Literature: Guide to Passage AnalysisBy Emily Lamb in VCE
15th of May 2018
In this article, Emily takes us through the intricacies of Literature’s passage analysis. For more Lit resources, check this out.
Arguably one of the most important tasks in the VCE Literature curriculum is ‘passage analysis.’ This task is one you will all soon be facing in your SACs, but additionally, in your final exam. Many students struggle with the style of writing that is expected, and understanding what the actual task is. The following is a guide to some of the most important elements required to achieve highly in this form of assessment.
There are two central things that you need to work on in preparation for your close analysis SAC – let’s consider them individually.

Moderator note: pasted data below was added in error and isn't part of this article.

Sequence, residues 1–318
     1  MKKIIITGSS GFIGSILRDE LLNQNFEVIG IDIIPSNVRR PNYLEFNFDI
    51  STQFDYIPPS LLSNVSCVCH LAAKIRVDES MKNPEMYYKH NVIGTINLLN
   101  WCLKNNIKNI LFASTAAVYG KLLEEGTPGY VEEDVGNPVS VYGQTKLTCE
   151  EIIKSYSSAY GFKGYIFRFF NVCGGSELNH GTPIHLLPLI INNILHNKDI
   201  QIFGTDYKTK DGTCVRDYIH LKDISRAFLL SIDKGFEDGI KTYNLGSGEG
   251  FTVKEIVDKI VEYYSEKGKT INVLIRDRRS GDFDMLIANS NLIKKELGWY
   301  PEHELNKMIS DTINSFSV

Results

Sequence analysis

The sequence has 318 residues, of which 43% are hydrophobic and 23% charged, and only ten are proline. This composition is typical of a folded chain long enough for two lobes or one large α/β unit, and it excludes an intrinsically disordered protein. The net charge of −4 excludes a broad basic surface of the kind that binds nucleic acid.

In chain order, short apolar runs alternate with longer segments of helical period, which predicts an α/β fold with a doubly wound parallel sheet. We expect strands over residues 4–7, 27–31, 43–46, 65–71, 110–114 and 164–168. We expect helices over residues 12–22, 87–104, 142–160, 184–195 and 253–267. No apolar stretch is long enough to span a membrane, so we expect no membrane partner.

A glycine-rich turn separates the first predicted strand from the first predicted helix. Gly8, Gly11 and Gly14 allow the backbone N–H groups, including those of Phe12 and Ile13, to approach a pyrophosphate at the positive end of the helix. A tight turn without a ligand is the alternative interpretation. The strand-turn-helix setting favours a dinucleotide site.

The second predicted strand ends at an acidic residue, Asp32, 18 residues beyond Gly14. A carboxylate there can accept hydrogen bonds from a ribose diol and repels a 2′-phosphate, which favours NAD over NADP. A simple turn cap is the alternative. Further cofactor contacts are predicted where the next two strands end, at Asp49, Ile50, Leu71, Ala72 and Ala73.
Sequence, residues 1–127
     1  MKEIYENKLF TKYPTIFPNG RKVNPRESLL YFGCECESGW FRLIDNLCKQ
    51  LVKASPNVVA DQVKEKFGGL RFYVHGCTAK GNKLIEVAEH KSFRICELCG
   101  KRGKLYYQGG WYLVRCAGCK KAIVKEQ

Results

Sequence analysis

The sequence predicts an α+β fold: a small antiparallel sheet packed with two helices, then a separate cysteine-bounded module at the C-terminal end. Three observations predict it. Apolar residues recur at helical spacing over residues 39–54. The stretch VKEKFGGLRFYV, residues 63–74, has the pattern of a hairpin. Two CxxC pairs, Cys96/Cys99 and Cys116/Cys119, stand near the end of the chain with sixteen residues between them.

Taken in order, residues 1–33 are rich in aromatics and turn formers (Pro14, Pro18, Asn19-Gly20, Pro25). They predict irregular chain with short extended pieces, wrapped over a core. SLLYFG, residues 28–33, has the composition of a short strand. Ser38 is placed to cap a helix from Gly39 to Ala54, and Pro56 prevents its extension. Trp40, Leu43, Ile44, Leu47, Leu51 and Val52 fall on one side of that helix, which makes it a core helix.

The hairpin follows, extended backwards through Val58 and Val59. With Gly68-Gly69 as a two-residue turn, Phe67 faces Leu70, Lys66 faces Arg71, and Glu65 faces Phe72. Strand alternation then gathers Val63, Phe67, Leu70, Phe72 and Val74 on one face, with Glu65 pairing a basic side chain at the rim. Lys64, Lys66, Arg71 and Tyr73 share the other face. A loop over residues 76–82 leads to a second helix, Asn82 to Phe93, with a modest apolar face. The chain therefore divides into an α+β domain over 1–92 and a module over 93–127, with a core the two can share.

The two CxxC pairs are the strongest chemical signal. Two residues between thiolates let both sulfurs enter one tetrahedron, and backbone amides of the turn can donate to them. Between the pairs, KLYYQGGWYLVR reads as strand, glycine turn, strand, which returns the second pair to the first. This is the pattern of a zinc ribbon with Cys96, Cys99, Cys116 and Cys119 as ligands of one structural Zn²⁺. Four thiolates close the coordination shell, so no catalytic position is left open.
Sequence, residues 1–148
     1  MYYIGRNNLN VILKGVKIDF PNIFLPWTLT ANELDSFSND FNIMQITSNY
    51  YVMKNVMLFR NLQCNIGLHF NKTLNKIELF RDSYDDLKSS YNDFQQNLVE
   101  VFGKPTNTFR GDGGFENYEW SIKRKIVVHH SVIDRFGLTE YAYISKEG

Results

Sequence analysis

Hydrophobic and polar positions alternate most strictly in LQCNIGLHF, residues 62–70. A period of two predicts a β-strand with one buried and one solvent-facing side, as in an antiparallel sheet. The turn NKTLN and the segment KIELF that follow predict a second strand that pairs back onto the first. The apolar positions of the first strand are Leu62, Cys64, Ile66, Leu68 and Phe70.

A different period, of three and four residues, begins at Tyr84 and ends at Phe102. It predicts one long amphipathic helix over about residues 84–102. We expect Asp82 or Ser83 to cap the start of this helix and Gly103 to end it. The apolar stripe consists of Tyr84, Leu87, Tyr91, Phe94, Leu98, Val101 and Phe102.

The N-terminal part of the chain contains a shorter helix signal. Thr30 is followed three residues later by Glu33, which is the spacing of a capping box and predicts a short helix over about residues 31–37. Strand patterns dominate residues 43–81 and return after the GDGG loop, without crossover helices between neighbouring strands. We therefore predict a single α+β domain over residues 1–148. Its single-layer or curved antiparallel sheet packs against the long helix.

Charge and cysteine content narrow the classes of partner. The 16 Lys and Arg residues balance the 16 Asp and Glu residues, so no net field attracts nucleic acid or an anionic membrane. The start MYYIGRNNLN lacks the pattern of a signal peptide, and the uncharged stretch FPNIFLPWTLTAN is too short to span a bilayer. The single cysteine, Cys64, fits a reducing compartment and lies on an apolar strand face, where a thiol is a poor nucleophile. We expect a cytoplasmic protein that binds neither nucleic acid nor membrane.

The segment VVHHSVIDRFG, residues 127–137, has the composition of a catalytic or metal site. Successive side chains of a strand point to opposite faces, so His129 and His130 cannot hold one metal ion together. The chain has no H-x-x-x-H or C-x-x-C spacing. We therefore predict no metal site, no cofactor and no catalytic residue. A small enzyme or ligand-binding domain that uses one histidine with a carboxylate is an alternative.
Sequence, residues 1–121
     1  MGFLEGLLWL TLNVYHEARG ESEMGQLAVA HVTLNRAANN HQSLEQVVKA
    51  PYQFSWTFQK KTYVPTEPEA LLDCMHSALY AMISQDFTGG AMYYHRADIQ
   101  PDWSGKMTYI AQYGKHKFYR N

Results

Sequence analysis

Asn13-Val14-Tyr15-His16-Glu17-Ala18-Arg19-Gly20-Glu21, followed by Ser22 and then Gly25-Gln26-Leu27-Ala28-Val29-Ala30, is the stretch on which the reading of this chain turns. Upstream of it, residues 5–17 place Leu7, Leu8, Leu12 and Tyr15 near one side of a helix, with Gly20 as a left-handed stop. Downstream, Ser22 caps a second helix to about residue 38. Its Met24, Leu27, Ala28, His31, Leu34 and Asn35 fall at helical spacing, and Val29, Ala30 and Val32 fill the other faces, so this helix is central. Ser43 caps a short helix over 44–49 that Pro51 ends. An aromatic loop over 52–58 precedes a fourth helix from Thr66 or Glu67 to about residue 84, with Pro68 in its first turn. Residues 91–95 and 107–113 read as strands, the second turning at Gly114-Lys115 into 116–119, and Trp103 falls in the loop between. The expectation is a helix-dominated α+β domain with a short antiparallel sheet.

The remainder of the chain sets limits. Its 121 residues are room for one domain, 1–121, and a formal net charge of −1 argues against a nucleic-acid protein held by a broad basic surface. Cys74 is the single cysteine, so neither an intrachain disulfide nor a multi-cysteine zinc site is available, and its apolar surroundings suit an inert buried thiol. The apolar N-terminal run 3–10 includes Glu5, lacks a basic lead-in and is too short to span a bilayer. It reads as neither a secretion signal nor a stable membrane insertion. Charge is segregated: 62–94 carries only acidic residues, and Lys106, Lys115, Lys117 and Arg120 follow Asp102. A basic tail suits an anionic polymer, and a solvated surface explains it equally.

Understanding of the text as a whole.
This part is arguably the most simple, and most of this step will occur in class. You must be able to engage with and understand the key themes and ideas within your text. It is useful to identify 3 or 4 of these key ideas that you believe you would be able to pull out of any passage that you are presented with. It is useful to read your text a few times, because that way you will be very familiar with all of its intricacies and know what themes are universal, and which ones are only relevant to particular sections.
Practise under timed conditions.